When the dog can find it’s position by my side when I walk it is also good if it can come to my side when I stand still. Something I often see both on courses and trials is that precisely that part is quite ceremonious. In many cases, the dog cannot get into position at all without the help of the handler’s hands or that the handler moves his shoulder or takes a step in any direction. It doesn’t matter if the dog walks around behind you to get into position or turn around in front of you. It doesn’t really matter if it sits at an angle in the gun dog work either. But since a lot of people tend to be annoyed that the dog is not sitting straight and it is easier to start walking with a good heelwork position if the dog is sitting straight, I really recommend teaching the dog that.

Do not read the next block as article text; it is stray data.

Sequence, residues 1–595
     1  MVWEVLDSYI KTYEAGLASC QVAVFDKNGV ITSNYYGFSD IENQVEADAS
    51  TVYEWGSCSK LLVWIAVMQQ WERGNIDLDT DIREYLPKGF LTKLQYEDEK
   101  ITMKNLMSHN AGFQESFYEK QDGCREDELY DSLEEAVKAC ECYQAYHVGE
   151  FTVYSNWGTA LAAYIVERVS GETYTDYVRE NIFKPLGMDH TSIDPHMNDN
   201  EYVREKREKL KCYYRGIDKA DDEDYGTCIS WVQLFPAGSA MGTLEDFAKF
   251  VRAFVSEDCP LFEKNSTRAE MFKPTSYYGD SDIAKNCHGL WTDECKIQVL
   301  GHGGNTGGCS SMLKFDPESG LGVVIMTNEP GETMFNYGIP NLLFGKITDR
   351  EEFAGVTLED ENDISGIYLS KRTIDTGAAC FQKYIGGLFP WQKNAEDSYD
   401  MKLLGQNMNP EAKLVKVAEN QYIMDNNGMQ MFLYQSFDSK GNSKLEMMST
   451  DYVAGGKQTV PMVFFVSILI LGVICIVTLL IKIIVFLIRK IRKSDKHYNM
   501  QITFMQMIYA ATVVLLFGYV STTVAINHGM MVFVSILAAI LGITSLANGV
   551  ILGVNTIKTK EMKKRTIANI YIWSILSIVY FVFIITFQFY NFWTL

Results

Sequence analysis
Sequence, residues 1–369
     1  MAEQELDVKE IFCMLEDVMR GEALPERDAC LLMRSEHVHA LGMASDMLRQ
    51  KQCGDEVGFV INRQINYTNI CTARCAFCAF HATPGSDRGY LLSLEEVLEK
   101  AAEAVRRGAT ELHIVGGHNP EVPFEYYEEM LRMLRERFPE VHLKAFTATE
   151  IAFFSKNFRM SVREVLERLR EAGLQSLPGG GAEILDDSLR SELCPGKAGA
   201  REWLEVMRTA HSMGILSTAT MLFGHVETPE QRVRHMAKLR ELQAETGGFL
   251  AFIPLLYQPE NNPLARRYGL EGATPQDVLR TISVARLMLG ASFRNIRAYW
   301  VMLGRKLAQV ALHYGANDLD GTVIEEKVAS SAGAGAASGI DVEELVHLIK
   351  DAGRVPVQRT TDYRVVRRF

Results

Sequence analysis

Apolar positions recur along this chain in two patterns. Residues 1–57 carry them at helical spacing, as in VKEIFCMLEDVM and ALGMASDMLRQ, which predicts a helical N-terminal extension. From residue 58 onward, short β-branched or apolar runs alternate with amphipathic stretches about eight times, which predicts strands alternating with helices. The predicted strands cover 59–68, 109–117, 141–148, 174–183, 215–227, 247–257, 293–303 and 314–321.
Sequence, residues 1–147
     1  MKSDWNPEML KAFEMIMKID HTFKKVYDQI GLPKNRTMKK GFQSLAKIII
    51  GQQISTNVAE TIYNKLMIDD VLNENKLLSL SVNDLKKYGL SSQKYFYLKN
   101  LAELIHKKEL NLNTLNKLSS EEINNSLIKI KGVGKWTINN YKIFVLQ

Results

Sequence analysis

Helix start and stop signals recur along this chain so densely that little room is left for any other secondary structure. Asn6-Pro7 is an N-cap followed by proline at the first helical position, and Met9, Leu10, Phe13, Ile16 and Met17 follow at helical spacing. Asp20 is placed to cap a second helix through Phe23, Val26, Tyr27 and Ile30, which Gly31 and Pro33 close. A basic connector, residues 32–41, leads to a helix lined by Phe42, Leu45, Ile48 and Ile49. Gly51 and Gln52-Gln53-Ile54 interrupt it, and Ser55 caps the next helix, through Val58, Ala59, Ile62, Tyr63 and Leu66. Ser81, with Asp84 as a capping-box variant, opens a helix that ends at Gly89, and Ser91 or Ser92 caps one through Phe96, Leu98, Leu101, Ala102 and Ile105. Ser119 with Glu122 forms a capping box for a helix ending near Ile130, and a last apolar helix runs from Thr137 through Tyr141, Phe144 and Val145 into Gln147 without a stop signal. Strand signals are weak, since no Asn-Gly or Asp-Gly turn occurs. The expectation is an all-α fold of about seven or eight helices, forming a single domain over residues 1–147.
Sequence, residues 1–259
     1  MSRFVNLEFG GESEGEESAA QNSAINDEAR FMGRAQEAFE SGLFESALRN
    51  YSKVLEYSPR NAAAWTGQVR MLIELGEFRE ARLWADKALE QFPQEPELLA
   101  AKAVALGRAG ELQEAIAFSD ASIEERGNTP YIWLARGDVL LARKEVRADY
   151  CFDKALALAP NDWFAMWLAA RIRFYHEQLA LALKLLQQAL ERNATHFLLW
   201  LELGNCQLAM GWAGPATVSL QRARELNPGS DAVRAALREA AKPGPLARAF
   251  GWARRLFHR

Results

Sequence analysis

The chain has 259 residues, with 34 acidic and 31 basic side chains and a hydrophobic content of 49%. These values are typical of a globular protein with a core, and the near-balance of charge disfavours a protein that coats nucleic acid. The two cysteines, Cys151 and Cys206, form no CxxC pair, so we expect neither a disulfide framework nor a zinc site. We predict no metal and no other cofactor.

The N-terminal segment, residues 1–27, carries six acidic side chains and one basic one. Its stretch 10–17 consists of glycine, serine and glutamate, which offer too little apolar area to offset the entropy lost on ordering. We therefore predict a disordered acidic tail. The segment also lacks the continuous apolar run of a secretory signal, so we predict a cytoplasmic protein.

A classic exercise in obedience training is to teach the dog to pivot (rear end control) and we also use it to get the dog into position for our gun dog heelwork. If you have been into horse riding you will recognize the term pivot – it’s basically the dog stomping with its front paws at the same spot and turning the rear end around to get into position by your left side.
Here Lena shows what it can look like:
- Analyse your dogs position. Does your dog come into heel position and sit as straight as you want it to? Or what part of the pivot training would you benefit from doing?
- Train heelwork at least once. (Note how many sessions and minutes of heelwork you do. Train what you and your dog need – it doesn’t have to be the training in the blog post of the day.)
- Feel free to tell us and others about your training by commenting on the posts on our website and/or Facebook page.
- If you haven’t participated in the challenge from the start, read here to find out how it works: Day 1: Heelwork challenge.